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Iím not good at pasta ideas. Iím thinking cold pasta salads, with meat and veggies. Love that kind of salad! I've also discovered brown rice pasta, and that has opened up new avenues for me!

I'm the cookbook queen, so if you need something, I'd be glad to provide. I've put quite a few online at CatholicCulture.org, but I have tons more for St. Joseph.

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Posted: March 18 2005 at 12:59pm | IP Logged Quote JennGM

I was also thinking, if it's potluck, let everyone else bring the food. Bring something really simple like the St. Joseph Altars have -- The Virtual St. Joseph Altar has some great ideas. I'm definitely not suggesting doing an Altar, because that takes much cooperation and time. But since you're hosting, what exactly are you looking for? Information to pass out, extra food to make?

How about the "goodie bag"?
The Goodie Bag:
Visitors to St. Joseph Altars are given small paper bags containing a few blessed items from the Altar. The bags usually contain a holy card and a small medal. Various cookies or small breads may also be in the bag.

The most interesting item found in the goodie bag is the fava bean. In Sicily, the fava was fodder for cattle. During a great famine the people resorted to eating them to survive. They were considered lucky to have favas to eat, hence the fava bean is also known as a "lucky bean." Some believe that the pantry that contains a fava bean will never be bare. The fava, or lucky bean, serves as a token of the Altar - a reminder of God's provisions through the intercession of St. Joseph.

I bought this book from Catholic Shop two years ago: Saint Joseph Altars . The pictures are just stunning and the text is very interesting.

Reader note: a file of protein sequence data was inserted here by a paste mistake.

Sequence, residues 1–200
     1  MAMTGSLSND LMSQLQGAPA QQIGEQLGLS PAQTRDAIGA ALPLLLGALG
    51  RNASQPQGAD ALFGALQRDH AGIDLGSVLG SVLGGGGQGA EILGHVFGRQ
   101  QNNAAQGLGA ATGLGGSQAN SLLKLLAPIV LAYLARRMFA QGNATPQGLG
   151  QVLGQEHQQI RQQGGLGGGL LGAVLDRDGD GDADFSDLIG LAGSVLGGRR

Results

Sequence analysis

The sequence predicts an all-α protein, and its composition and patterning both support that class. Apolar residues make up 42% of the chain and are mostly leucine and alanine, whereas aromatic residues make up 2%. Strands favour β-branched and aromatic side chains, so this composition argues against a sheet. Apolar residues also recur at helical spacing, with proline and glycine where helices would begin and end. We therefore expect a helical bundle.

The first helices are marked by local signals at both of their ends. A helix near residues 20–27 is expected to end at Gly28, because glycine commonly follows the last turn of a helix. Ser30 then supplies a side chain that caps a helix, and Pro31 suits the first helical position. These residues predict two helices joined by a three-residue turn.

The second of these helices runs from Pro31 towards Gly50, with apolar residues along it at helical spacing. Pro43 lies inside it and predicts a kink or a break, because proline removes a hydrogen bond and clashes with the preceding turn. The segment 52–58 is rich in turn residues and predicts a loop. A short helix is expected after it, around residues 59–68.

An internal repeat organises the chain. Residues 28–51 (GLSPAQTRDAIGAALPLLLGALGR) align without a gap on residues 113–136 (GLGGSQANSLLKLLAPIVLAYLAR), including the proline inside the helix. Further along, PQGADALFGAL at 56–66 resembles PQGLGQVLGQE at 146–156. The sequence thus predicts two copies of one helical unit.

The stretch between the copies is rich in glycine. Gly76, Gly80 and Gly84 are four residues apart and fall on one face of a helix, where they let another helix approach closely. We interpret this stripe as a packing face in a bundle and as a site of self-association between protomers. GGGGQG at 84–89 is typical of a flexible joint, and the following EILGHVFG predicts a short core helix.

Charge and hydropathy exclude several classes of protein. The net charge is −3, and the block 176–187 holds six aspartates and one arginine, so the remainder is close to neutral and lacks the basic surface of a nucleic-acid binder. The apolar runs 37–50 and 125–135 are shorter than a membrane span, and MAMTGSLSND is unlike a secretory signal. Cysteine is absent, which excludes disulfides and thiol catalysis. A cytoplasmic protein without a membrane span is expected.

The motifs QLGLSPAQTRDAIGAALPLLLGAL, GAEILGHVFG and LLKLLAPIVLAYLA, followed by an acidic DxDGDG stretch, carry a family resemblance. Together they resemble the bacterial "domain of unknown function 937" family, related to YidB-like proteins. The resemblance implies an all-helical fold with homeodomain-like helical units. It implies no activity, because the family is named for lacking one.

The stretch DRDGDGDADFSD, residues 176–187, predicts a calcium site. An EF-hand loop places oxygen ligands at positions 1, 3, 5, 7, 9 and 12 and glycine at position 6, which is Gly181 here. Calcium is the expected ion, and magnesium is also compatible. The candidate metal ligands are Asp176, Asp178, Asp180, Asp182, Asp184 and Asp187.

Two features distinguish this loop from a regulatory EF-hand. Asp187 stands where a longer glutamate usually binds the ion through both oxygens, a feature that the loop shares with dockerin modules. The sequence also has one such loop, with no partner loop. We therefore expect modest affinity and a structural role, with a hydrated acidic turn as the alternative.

Traditionally, St. Joseph meals are meatless, particularly related to the Altar. Two simple pasta dishes that keep coming to mind: Pasta Milanese and pasta con mudrica or pasta with sawdust. This is spaghetti tossed with olive oil and breadcrumbs, which resembles sawdust, representing St. Josephís carpentry work. I also found some other simple pasta recipes on this page.


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Posted: March 18 2005 at 1:02pm | IP Logged Quote JennGM

Hallmark had a simple presentation on St. Joseph's Day.

Sorry, I'm such a geek when it comes to this subject!

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guitarnan
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Posted: March 18 2005 at 4:46pm | IP Logged Quote guitarnan

Elizabeth,

In Italy today, St. Joseph's feast day is also Father's Day. They don't do the big Hallmark thing, exactly (although it's getting a bit more that way, with ads for gifts and stuff like that). I'd suggest a special blessing for all the dads present at your dinner...what a nice thing. I wish our Father's Day was on March 19!

I don't recall special foods being served in our region (Lazio) while we lived there...or any other special traditions. I would remember them if they'd existed, because moms get little branches of mimosa blossoms on Mother's Day and women get gifts (Hallmark effect!) on the Feste delle Donne, Women's Day.

Tiny suggestion...hope it helps!


As far as food, I suggest easy, easy stuff like baked ziti. A Napolitan trick I recently learned is to swirl about half a cup of ricotta cheese into the tomato sauce, then add the rest of the cheese you're using. I used to layer cheese on top of the sauce (like lasagne) but it tastes better this way, IMHO. Also, if you add a tablespoon of olive oil to the sauce at the beginning of cooking it tastes richer. I don't know if gluten-free pasta is available here; it is in Italy, definitely. Worth looking into.

Now I am hungry.



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Posted: March 18 2005 at 7:01pm | IP Logged Quote materdei7

At the parish in Southern Cal. where I grew up, they would(and still do) have a BIG St. Joseph's Table, where lots of wonderful things(sweet deserts and breads, cookies, cakes, etc)were sold after all the Masses, and the money given to the poor and needy that our parish supported. Did I mention that it was BIG and Wonderful Maybe during Lent the St. Joseph table always looked so wonderful! We would buy certain items and freeze them for tasting on Easter Morning. Happy Feast Day, and St. Joseph Pray for Us,